Bundle flow

Updates

The lag between an LDAP/AD update and OPA having the update is the sum of the lag for an update between LDAP/AD and the central server and the lag for an update between the central server an OPA. So if LDAP/AD updates every 5 minutes, and OPA pulls an update every 2 minutes, then the total maximum lag is 7 minutes. Unlike the JWT case, it is feasible that a user could perform an action requiring authorization on the OPA-enabled service before OPA has the appropriate LDAP/AD policy, but you can account for that when writing policy and reject any request when there is insufficient data.

Size limitations

Unlike the JWT case, where OPA only stores 1 user's LDAP/AD data at a time, when synchronizing LDAP/AD, OPA stores all users' LDAP/AD data at once in memory. Obviously this can be a problem with large LDAP/AD stores. Because the centralized server handles both policy and data it could provide just the LDAP/AD data necessary for the policies.

3. Pushing LDAP/AD into OPA

Another way to replicate LDAP/AD data into OPA is to use OPA's API for injecting arbitrary JSON data. You can build a synchronizer that pulls information out of LDAP/AD and pushes that information in OPA through its API. This approach would be useful if you are not using the bundle API, or you need to optimize for update latency.

Flow

Two things happen independently with this kind of LDAP/AD integration.

  • (1) Synchronizer keeps OPA up to date with LDAP/AD
  • (A) OPA-enabled software system asks OPA for policy decisions

Push flow

Updates

The total lag between LDAP/AD being updated and OPA being updated is the sum of the lag for an update between LDAP/AD and the synchronizer plus the lag for an update between the synchronizer and OPA. Unlike the JWT case, it is feasible that a user could perform an action requiring authorization on the OPA-enabled service before OPA has the appropriate LDAP/AD policy, but you can account for that when writing policy and reject any request when there is insufficient data.

Size limitations

Unlike the JWT case, where OPA only stores 1 user's LDAP/AD data at a time, when synchronizing LDAP/AD, OPA stores all users' LDAP/AD data at once in memory. Obviously this can be a problem with large LDAP/AD stores.

4. Pull from LDAP/AD during evaluation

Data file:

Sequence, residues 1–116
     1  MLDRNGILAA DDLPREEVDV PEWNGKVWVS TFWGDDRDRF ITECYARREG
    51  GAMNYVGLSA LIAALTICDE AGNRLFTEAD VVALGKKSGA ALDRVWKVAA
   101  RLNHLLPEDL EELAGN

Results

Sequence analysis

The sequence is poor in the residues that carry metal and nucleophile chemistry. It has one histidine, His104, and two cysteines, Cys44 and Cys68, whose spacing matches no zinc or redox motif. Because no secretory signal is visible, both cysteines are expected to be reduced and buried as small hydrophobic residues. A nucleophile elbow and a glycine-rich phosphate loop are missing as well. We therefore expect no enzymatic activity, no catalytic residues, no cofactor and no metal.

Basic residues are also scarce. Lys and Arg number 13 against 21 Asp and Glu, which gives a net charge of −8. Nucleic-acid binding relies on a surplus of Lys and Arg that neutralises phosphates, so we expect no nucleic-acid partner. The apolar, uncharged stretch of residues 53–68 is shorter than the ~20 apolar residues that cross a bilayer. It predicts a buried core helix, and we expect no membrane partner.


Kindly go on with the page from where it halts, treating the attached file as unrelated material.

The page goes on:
OPA has experimental capabilities for reaching out to external servers during evaluation. This functionality handles those cases where there is too much data to synchronize into OPA, JWTs are ineffective, or policy requires information that must be as up to date as possible.

That functionality is implemented as OPA builtins. Check the docs for the latest instructions.

Current limitations

  • Unit test framework does not allow you to mock out the results of builtin functions
  • Any credentials that are needed for the external service must be hardcoded into the policy.
    • There has been discussion around adding a builtin that pulls information out of the environment so that OPA can be configured with credentials.

Flow

The key difference here is that every decision requires contacting LDAP/AD. If that service or the network connection is slow or unavailable, OPA may not be able to return a decision.

  1. OPA-enabled service asks OPA for a decision
  2. OPA during evaluation asks LDAP/AD for user attributes

Pull flow

Updates

LDAP/AD data is perfectly fresh. There is no lag between an update to LDAP/AD and when OPA sees that update.

Size limitations

Only the data actually needed by the policy is pulled from LDAP/AD. There is no need for a synchronizer to figure out what data the policy will need before execution. It is possible to gather multiple users' attributes

Performance and Availability

Latency and availability of decision-making are dependent on the network. This approach may still be superior to running OPA on a remote server entirely because a local OPA can make some decisions without going over the network--those decisions that do not require information from the remote LDAP/AD server.

5. Summary

Approach Perf/Avail Notes
JWT High Updates only when user logs back in
Bundle High Updates to policy/data at the same time. Size an issue.
Push High Control data refresh rate. Size an issue.
Pull during eval Dependent on network Perfectly up to date. No size limit.